As is typical of tangch’aebo, the most conspicuous motif is the central one of two phoenixes facing one another, this being a design, which also appears on wedding garments. The kilsangmun which surround the birds were popular auspicious motifs during the Chosôn period when they were used on a wide range of different artefacts, including lacquer and metalwares. The propitious message of the poljagi is further accentuated by the fruits and flowers, such as peony, pomegranates, peaches and pul su, which appear in the surrounding twenty squares. The peony, for example, has traditionally been a sign of abundance and prosperity, while the plentiful seeds of the pomegranate have made it a symbol of bountiful offspring. In the four corners are squares with grasses and yongji, symbolising longevity and immortality.’

Historical context note

In the register a paper, written by Charlotte Horlyck, Curator of Korean Art at the Victoria & Albert Museum for The National Museum of Korea Newspaper states that:
‘Most poljagi were made by sewing scraps of fabric together, these being called chogakpo. Various materials were used, including silk, cotton, hemp, and ramie, but chogakpo are generally stitched together of the same kind of fabric, though different fineness of weaving is not uncommon. It is interesting that pieces of men’s and women’s clothes were never sewn together, which clearly reflects how men and women lived in separate quarters as prescribed by the strict Confucian rules of propriety which governed society at this time.
The earliest surviving poljagi dates to the late 11th century, thus testifying to a long and unbroken tradition of making and using these items in Korea. In the Chosôn period they developed into a highly expressive art form, culminating in works that have continued to fascinate and inspire people even today. A large number of exhibitions featuring poljagi have been held in Western museums, including the V&A, and their strong designs and bold colour combinations have made them among the most well known and popular Korean art objects in the West.’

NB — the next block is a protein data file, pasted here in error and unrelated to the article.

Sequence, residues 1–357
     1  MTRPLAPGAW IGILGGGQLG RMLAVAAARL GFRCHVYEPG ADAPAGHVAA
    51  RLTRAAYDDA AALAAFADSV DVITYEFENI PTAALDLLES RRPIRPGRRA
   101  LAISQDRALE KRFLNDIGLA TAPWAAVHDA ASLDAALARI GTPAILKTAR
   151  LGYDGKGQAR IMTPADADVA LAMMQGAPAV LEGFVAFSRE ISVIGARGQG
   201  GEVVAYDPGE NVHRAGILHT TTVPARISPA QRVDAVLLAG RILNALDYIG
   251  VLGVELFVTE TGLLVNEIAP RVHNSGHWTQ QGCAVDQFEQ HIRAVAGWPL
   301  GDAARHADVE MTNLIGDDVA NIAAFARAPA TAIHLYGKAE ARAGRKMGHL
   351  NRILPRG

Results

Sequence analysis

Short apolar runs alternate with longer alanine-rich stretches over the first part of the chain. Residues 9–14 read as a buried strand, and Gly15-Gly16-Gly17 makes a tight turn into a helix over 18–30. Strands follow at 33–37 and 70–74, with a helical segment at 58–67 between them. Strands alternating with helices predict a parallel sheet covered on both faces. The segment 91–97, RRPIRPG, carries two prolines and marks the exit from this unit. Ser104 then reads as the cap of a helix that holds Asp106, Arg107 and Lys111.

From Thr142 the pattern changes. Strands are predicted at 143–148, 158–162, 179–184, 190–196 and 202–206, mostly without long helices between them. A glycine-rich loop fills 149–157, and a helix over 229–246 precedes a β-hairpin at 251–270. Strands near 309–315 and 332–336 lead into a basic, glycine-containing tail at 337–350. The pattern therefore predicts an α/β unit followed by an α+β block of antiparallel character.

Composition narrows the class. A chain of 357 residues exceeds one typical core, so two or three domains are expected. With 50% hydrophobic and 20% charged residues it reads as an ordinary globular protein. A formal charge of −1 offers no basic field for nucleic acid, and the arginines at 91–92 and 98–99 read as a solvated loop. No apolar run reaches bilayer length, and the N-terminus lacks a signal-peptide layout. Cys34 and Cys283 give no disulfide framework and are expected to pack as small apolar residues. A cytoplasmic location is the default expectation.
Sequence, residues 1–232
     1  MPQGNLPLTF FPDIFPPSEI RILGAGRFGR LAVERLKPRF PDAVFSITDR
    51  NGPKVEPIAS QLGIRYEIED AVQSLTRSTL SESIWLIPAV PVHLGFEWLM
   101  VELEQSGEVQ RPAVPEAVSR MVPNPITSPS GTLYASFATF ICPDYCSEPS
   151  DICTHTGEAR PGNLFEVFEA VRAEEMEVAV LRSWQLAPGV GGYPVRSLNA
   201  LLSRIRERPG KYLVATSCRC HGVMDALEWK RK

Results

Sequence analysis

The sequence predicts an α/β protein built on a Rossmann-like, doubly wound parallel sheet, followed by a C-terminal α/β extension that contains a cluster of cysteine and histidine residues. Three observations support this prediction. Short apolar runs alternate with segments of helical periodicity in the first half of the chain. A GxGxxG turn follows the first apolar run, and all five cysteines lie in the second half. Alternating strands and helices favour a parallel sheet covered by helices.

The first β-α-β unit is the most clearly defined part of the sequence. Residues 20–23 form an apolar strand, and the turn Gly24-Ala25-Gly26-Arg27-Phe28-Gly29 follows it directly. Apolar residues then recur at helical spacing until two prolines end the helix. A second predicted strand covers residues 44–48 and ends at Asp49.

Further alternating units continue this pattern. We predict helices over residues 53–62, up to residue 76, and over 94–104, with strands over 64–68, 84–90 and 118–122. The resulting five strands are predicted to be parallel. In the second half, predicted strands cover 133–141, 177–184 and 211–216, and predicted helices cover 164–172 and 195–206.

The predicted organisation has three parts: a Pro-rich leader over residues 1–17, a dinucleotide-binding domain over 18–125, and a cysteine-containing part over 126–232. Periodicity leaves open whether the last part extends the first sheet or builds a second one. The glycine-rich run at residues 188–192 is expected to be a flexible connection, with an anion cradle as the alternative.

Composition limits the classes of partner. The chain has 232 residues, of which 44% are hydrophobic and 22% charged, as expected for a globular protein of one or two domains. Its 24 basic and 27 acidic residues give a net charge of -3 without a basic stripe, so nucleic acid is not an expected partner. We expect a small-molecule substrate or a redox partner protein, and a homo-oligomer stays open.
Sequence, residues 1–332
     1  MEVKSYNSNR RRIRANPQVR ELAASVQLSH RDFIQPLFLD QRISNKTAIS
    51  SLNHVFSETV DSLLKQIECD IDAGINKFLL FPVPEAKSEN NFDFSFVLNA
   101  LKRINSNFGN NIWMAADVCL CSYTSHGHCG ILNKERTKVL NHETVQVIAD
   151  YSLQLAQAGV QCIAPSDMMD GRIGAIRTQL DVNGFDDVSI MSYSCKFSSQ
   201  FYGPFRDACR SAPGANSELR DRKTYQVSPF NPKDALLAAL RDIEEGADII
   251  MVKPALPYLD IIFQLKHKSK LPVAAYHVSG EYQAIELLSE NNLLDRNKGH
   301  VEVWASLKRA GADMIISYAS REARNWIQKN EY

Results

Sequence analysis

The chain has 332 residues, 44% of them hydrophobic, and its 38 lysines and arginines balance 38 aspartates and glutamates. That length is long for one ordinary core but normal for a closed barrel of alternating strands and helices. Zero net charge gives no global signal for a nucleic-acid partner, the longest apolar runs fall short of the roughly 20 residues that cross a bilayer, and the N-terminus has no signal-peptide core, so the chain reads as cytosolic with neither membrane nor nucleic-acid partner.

From Kim, Soo Kyung, A Study of Poljagi (Korean Wrapping Cloths) in the Late Chosôn Dynasty (1724-1910), unpublished PhD thesis, New York University, 1997, p.115:
'Fourteen inmunbo [painted poljagi made for the court] are preseved in the Royal Museum (Seoul), a direct royal inheritance from the Chosôn dynasty (table 14). The Museum of Korean Embroidery (Seoul) has several more, and the researcher has confirmed that some are also preserved in the Victoria and Albert Museum (London) and Suk Joo-sun Memorial Museum of Folk Art in Tanguk University.'
(This volume is in the FED library 4AJ30).

Descriptive line

Wrapping cloth, plain weave hemp with a polychrome painted design, Korea, Chosôn period, 19th century

Bibliographic References (Citation, Note/Abstract, NAL no)

Wilkinson, Liz, Birds, Bats & Butterflies in Korean Art, Singapore: Sun Tree, 1996 pp.20-21.
McKillop, Beth, Korean Art and Design: The Samsung Gallery of Korean Art, London: V&A Publications, 1992, pp.144-145, plate 65.
Horlyck, Charlotte, 'Colour in Korean Textiles' in Arts of Asia vol.33 no.2, 2003, pp.110-117 plate 10




Painting; Plain weave

Subjects depicted

Floral patterns; Phoenix birds; Fruits



Collection code